Why can't configure Azure diagnostics to use Azure Table Storage via new Azure Portal?

I am developing a web api which will be hosted in Azure. I would like to use Azure diagnostics to log errors to Azure table storage. In the Classic portal, I can configure the logs to go to Azure table storage.

Classic Portal Diagnostic Settings

However in the new Azure portal, the only storage option I have is to use Blob storage:

New Azure Portal Settings

It seems that if I was to make use of a web role, I could configure the data store for diagnostics but as I am developing a web api, I don't want to create a separate web role for every api just so that I can log to an azure table.

Is there a way to programmatically configure azure diagnostics to propagate log messages to a specific data store without using a web role? Is there any reason why the new Azure portal only has diagnostic settings for blob storage and not table storage?

I can currently work around the problem by using the classic portal but I am worried that table storage for diagnostics will eventually become deprecated since it hasn't been included in the diagnostic settings for the new portal.

Answers


(I'll do some necromancy on this question as this was the most relevant StackOverflow question I found while searching for a solution to this as it is no longer possible to do this through the classic portal)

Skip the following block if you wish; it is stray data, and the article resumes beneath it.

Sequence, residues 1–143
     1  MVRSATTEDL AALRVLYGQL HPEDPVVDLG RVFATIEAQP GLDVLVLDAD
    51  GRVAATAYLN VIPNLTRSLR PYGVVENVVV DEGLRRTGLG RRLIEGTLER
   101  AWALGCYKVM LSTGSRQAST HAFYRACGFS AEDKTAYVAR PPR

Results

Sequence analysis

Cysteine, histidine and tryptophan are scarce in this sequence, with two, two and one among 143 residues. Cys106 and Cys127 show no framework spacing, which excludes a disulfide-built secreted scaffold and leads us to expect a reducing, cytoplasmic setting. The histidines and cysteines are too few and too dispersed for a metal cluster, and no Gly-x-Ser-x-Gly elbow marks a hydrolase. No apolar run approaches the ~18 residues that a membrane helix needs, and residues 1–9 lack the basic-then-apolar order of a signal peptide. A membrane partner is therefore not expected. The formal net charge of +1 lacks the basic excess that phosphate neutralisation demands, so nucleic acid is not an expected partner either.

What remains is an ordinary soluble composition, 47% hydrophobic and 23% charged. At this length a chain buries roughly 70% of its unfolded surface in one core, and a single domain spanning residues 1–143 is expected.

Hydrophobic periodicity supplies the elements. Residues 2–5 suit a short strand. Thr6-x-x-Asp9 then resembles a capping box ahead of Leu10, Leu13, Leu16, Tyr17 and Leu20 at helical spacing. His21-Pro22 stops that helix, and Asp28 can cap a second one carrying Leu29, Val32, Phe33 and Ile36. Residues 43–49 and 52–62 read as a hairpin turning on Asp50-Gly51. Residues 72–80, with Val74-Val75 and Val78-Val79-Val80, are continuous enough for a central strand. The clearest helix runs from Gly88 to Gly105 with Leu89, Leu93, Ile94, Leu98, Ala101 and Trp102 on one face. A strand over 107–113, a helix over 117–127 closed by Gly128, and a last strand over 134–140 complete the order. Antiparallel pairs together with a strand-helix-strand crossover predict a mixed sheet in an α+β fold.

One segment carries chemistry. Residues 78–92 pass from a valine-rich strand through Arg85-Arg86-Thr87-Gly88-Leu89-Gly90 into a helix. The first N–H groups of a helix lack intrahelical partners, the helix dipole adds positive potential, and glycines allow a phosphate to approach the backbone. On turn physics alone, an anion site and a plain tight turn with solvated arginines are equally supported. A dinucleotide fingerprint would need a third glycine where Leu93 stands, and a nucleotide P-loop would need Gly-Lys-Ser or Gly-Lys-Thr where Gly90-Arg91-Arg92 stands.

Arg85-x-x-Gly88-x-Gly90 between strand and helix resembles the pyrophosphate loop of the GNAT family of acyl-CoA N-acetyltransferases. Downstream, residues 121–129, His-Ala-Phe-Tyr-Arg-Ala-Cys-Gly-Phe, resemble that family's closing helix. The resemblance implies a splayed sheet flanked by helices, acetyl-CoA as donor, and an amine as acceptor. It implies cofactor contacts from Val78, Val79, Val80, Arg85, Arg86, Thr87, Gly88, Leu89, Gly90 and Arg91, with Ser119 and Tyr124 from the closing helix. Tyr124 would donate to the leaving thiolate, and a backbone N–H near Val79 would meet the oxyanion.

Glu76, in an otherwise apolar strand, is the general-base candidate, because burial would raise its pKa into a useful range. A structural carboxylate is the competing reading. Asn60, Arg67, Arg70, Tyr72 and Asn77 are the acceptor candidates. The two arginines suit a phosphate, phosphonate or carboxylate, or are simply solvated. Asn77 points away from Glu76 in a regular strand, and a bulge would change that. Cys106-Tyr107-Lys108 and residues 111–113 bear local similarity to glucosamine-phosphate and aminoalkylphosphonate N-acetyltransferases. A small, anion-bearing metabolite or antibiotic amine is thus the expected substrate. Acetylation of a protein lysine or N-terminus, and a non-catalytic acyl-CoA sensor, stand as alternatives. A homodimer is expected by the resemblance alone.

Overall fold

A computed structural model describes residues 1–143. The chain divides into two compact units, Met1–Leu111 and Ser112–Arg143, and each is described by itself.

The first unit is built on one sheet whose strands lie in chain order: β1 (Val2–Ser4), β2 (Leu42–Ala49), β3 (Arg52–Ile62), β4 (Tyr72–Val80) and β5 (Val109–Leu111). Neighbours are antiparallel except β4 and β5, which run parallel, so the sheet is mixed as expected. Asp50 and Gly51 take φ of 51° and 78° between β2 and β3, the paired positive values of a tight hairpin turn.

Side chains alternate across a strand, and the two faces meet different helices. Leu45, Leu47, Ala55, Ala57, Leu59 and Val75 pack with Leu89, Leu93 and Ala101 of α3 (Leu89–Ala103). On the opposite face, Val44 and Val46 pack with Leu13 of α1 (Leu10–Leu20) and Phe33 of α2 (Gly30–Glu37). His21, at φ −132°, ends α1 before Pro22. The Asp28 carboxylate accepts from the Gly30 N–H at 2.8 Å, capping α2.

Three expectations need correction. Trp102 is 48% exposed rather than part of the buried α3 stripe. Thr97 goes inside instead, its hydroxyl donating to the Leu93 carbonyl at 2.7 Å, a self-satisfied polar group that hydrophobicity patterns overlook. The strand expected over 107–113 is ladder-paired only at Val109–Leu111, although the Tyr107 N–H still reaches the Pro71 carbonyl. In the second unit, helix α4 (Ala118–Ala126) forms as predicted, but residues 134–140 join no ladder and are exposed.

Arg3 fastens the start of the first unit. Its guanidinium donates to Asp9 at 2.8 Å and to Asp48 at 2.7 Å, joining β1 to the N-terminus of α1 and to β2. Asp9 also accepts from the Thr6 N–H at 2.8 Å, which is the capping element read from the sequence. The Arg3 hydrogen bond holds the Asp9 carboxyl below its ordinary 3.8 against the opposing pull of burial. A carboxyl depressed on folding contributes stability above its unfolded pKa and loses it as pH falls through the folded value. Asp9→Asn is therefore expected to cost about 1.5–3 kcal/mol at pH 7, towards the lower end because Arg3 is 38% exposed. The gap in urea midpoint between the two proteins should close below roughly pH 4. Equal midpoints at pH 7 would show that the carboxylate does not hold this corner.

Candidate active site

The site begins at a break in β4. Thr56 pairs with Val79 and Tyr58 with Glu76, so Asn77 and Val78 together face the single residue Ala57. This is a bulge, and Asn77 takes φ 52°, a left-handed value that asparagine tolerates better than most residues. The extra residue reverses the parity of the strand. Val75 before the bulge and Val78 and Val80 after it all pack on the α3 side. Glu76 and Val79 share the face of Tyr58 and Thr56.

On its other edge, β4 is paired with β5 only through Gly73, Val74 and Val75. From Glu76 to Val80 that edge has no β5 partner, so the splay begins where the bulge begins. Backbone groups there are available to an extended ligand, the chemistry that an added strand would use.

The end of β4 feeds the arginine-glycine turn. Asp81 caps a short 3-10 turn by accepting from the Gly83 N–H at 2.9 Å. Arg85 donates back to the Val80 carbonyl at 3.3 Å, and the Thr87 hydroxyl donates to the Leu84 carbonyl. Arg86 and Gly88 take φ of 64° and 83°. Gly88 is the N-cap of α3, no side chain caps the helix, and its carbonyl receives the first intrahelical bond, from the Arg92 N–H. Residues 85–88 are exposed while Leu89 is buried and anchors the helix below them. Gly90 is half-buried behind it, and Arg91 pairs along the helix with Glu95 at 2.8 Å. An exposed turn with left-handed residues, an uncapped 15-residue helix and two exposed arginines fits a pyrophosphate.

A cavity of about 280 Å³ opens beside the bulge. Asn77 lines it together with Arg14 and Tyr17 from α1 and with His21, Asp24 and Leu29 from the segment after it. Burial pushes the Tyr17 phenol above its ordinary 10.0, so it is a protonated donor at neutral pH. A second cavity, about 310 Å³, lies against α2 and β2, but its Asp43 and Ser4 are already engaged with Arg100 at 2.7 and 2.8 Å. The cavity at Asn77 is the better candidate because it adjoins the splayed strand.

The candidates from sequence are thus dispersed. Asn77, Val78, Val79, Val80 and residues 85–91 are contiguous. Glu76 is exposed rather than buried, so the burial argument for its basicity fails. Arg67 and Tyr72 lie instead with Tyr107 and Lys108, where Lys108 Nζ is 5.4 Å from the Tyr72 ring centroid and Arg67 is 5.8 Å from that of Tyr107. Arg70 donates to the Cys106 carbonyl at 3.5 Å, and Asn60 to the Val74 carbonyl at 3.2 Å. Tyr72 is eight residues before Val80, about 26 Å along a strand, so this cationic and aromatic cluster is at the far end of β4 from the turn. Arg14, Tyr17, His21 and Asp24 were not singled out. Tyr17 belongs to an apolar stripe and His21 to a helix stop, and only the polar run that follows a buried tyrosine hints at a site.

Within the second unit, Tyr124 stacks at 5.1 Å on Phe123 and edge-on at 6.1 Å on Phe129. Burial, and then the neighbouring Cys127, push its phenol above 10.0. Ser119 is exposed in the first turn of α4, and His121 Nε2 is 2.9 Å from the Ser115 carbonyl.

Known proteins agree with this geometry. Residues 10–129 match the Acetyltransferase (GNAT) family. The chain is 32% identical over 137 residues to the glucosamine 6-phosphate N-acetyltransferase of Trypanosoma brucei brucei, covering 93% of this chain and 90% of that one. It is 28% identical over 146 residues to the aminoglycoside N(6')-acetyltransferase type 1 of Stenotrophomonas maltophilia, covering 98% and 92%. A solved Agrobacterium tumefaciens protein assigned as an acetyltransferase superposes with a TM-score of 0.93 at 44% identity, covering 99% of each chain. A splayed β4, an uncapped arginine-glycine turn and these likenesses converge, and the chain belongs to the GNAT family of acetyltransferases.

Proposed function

Disclaimer: Microsoft has seemingly removed support for logging to Table in the Azure Portal, so I don't know if this is deprecated or will soon be deprecated, but I have a solution that will work now (31.03.2017):

There are specific settings determining logging, I first found out information on this from an issue in the Azure Powershell github: https://github.com/Azure/azure-powershell/issues/317

The specific settings we need are (from github):

AzureTableTraceEnabled = True, & AppSettings has: DIAGNOSTICS_AZURETABLESASURL

Using the excellent resource explorer (https://resources.azure.com) under (GUI navigation):

/subscriptions/{subscriptionName}/resourceGroups/{resourceGroupName}/providers/Microsoft.Web/sites/{siteName}/config/logs

I was able to find the Setting AzureTableTraceEnabled in the Properties.

The property AzureTableTraceEnabled has Level and sasURL. In my experience updating these two values (Level="Verbose",sasUrl="someSASurl") will work, as updating the sasURL sets DIAGNOSTICS_AZURETABLESASURL in appsettings.

How do we change this? I did it in Powershell. I first tried the cmdlet Get-AzureRmWebApp, but could not find what i wanted - the old Get-AzureWebSite does display AzureTableTraceEnabled, but I could not get it to update (perhaps someone with more powershell\azure experience can come with input on how to use the ASM cmdlets to do this).

The solution that worked for me was setting the property through the Set-AzureRmResource command, with the following settings:

Set-AzureRmResource -PropertyObject $PropertiesObject -ResourceGroupName "$ResourceGroupName" -ResourceType Microsoft.Web/sites/config -ResourceName "$ResourceName/logs" -ApiVersion 2015-08-01 -Force

Where the $PropertiesObject looks like this:

$PropertiesObject = @{applicationLogs=@{azureTableStorage=@{level="$Level";sasUrl="$SASUrl"}}}

The Level corresponds to "Error", "Warning", "Information", "Verbose" and "Off".

It is also possible to do this in the ARM Template (important bits is in properties on the logs resource in the site):